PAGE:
His legacy endures through the scholarship fund in his name

Thursday, February 22, 2018

UNH MUB games room

For 25 years, Don Harley’s official UNH job title may have been treasurer of the student activity fee, but he is best remembered as a mentor to generations of student leaders. A lifelong learner, he also had a teacher’s gift and instinct for passing his wisdom on to others.

Harley died of a heart attack in 2002, but he is still making an impact at UNH through the scholarship fund that his widow, Jean, and his family, friends and former student employees established in 2003. Three donors to the fund are among the many who still feel Harley’s presence in their lives.

Former mentees of Don Harley (center) turned out in force to toast his 60th birthday in 1996

Former mentees of Don Harley (center) turned out in force to toast his 60th birthday in 1996.

“Don believed in me before I believed in myself, “ says Cathy Saunders ’83, head of registered investment advisory business for Putnam Investments. She met Harley when she was the student manager for the UNH Job Board and credits him for the opportunities she had to meet business leaders around the Seacoast. “The gifts he gave me I experience every single day. He never ran out of time for me, or stopped coaching me or elevating me.” This included sending Saunders some advice via videotape when she was facing a crisis in confidence 10 years after graduating.

Harley’s interest in leadership stemmed from his experience as a lieutenant in the U.S. Army in the 1960s. From the Army superior who allowed Harley and his fellow officers to fail, the lesson learned was that “all the demands coming from the outside are nothing compared to the internal desire and belief that one can excel.” In his work with UNH students, Harley was good at spotting the first and nurturing the second.

Once, after a very turbulent Student Senate meeting, Harley wrote a “brutally honest” note to Mike Proulx ’95 and other student leaders. “His words boiled down to a pointed message,” Proulx recalls. “Leadership is hard. At times it’s lonely. It’s frustrating. It’s political. But it’s also rewarding beyond measure.” Now chief digital officer at Hill Holliday, Proulx dedicated his first book to Harley, who also featured prominently in a recent talk Proulx delivered to honors students in Paul College.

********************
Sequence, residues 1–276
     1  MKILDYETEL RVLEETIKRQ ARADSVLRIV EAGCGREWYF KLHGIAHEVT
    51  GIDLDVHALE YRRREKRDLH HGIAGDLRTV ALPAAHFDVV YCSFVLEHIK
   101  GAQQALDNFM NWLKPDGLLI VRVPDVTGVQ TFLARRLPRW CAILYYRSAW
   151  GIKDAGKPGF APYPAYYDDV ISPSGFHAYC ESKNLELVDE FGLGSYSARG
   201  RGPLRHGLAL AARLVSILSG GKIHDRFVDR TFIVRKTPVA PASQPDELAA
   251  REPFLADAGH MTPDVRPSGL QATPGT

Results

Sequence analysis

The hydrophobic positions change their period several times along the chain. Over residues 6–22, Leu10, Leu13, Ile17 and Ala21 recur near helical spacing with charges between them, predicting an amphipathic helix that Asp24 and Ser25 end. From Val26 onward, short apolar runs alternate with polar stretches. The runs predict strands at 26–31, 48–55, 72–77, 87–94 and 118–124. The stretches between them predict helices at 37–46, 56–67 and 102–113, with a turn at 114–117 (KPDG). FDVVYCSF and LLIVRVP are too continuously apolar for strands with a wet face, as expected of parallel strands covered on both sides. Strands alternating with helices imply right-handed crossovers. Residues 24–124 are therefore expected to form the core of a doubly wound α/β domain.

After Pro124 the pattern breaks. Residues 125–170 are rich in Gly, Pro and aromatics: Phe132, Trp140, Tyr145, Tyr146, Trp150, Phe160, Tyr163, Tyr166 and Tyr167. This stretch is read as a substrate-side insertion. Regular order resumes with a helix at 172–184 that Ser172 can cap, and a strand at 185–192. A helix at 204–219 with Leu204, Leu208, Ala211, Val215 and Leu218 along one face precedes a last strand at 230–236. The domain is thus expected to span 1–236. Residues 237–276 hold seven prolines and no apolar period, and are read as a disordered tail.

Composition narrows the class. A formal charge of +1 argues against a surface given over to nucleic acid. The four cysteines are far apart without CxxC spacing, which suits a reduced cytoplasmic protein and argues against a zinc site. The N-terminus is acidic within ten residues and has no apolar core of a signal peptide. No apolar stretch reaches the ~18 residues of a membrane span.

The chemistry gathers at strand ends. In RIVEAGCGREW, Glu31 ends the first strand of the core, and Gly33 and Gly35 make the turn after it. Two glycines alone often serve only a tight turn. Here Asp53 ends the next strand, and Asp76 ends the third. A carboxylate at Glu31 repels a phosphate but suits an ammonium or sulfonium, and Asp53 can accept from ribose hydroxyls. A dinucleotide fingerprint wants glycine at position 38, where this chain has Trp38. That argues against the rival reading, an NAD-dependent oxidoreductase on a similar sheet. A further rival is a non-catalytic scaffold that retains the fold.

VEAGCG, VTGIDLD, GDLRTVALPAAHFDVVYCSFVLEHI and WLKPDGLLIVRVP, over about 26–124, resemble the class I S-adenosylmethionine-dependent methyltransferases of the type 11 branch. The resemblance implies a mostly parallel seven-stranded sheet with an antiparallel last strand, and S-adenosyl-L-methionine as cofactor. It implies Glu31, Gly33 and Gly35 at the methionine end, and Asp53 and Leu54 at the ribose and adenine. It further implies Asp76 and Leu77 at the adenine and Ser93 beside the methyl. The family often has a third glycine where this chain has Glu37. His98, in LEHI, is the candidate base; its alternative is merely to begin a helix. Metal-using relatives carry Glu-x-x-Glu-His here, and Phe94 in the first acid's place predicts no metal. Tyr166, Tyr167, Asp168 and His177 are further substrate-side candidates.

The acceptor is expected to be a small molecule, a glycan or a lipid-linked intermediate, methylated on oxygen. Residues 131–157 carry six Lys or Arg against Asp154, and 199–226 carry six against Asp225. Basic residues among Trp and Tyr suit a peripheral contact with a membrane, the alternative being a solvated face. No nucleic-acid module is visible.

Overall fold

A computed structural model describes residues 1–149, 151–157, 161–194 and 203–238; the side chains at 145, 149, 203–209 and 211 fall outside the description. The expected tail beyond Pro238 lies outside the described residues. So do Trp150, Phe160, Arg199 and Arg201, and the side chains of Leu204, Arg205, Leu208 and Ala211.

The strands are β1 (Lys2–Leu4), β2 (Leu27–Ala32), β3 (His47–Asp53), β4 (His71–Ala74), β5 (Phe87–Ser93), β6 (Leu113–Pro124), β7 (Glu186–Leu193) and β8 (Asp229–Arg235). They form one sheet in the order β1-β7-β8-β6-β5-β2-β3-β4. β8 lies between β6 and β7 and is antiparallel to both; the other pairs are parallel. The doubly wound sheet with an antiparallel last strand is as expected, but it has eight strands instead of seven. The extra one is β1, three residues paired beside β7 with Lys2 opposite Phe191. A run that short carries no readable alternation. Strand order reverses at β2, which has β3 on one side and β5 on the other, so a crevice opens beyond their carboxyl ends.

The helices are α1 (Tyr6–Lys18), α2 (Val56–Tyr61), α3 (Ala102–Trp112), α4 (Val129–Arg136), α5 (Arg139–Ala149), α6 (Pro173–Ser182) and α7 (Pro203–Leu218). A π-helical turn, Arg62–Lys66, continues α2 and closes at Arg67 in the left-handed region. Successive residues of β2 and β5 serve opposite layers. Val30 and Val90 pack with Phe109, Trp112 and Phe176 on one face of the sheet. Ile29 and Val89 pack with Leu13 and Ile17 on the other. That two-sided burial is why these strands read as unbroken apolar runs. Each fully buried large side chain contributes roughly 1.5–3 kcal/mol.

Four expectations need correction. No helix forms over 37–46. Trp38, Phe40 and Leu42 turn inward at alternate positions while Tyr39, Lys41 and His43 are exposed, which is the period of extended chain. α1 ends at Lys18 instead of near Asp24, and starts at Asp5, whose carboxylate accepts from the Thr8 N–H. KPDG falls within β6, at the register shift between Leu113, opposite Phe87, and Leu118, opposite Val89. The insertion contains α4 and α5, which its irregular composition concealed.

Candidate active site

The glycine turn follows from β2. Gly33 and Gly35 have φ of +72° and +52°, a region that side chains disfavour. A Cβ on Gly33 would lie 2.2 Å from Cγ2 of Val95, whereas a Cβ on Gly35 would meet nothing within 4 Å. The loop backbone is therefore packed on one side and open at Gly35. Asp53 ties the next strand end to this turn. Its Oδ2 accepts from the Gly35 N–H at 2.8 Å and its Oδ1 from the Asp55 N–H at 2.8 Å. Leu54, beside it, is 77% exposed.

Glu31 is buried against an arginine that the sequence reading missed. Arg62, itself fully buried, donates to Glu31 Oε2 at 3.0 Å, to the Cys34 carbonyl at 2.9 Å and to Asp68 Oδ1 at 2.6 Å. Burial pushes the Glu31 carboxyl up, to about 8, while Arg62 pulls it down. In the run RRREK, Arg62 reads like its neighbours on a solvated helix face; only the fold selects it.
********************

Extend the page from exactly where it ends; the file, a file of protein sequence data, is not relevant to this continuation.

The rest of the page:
Notes written to Don Harley for his 60th birthday celebration.
Notes written to Don Harley at his 60th birthday celebration

“Don was a terrific mentor,” says UNH Foundation Board President Brian McCabe ’91, who was the business manager for the Student Activity Fee Organization during his student years. “He allowed us to learn the position by trial and error, to make mistakes — but he helped us fix them before we were finished.”

Making a gift in tribute to someone is a special way to honor their legacy or keep their memory alive. Your gift of any amount directed to an area that is meaningful to you is a powerful tribute to all that is possible at UNH. Go to unh.edu/give.

The Campaign for UNH

Today, the Don Harley Scholarship Fund provides scholarship support to sophomore or junior students who belong to one of the Student Activity Fee organizations and demonstrate strong leadership qualities.

“I want to honor the aspirations Don had for all of us by helping those who exhibit the fundamental qualities he had and need the support,” says Saunders, a lead donor to the fund. “I want to promote the best of Don Harley and his legacy, to help UNH drive those characteristics.”

“The scholarship celebrates Don’s legacy as a lamplighter by recognizing extra-special student leaders that Don might have chosen to personally mentor,” says Proulx. “Every promising student leader deserves a Don Harley-like coach to provide sage context to their career experiences.”

“Supporting the fund is a way to say thanks for all Don did for me,” says McCabe. “It also highlights the important role so many people like Don play in students’ lives at UNH. I hope the students who are lucky enough to receive the scholarship can look back to their UNH mentors 25 years later and still be able to feel their impact, as I can.”


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Originally published in UNH Magazine Winter 2018 Issue